Where do bees go in the winter?

Where do bees go in the winter?

This winter at The Bee School we have been wrapping up warm and bracing the winter farmers markets to create a buzz about bees. Chatting to all the curious bee-lovers, there have been a few questions that have popped up time and again: Where are the bees now? What do they do when it gets cold? Do honey bees hibernate? Well, we are here to answer all your wintery queries!

Colorful yellow and blue beehives covered with snow

So, do bees hibernate over the winter? In short, no, but a wintering hive has very different needs and roles to protect their colony and queen than a summer hive. A bee in the wintering population even has a different physical characteristic! They are slightly bigger and stouter to help them retain more heat in the colder temperature, as well as increasing their lifespan. A summertime worker bee, like a forager bee who finds and collects pollen, nectar and water for the hive, may only live for a few weeks because of the exhausting work and exposure to predators, however, a wintering bee can live for 4-6 months to sustain the hive population over winter. The queen tends to stop laying eggs and rearing the new bees during the peak winter months. This means having a healthy and strong hive in the autumn and beginning of winter is imperative to a colony making it through the winter.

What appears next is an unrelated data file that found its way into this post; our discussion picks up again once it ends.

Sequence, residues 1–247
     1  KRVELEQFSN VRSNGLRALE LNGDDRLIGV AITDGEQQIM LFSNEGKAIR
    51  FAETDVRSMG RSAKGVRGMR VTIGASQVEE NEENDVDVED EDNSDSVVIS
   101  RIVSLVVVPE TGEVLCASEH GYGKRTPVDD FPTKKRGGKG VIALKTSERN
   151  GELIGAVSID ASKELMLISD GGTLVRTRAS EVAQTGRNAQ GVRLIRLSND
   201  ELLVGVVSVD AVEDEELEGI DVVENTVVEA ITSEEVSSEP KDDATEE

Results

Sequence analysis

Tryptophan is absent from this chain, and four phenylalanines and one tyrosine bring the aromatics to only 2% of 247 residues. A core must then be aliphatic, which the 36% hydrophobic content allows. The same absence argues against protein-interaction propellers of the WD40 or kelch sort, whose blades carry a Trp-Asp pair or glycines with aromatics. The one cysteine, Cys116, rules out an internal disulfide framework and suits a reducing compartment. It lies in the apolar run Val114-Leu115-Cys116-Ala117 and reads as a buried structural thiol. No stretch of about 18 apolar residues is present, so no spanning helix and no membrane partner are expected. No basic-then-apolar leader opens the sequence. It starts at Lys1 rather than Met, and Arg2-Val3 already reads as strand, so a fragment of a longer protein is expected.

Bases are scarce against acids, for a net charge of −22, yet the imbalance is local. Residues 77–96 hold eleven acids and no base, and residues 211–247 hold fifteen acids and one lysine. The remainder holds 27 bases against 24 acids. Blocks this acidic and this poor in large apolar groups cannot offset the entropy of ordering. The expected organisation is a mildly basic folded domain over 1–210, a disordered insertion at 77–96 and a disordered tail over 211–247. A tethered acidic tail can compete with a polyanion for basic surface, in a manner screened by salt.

A wintering hive is entirely female! The male bees (the drones) die off or are killed after mating with a queen from another colony in the summer, after mating their work is done. The wintering females will form a tight cluster, with the queen at the centre, being the warmest point. The workers flex their muscles located in their thorax, their flight muscles, causing a vibration that raises each bee’s body temperature. Sometimes the centre of the cluster can reach temperatures of 30-35°C, while the outer layer fluctuates around 10°C.

Sourced from: American Bee Journal, 2016

A winter cluster does not produce any honey, but instead feeds on the honey stores they worked so hard in the warmer months to produce. Without a food source, a colony will not survive through the winter as it will not have the energy to heat itself. On average, a healthy colony will produce two to three times the amount of honey it needs to sustain itself over the winter months. When a beekeeper is harvesting honey, they are taking the excess honey and always leaving enough for the bees to sustain themselves over winter, as well as topping up food sources with sugar syrups and fondants. When the weather starts to creep above 12°C, the cluster will loosen and bees will venture outside to clear out waste and even start foraging on early blooming flowers.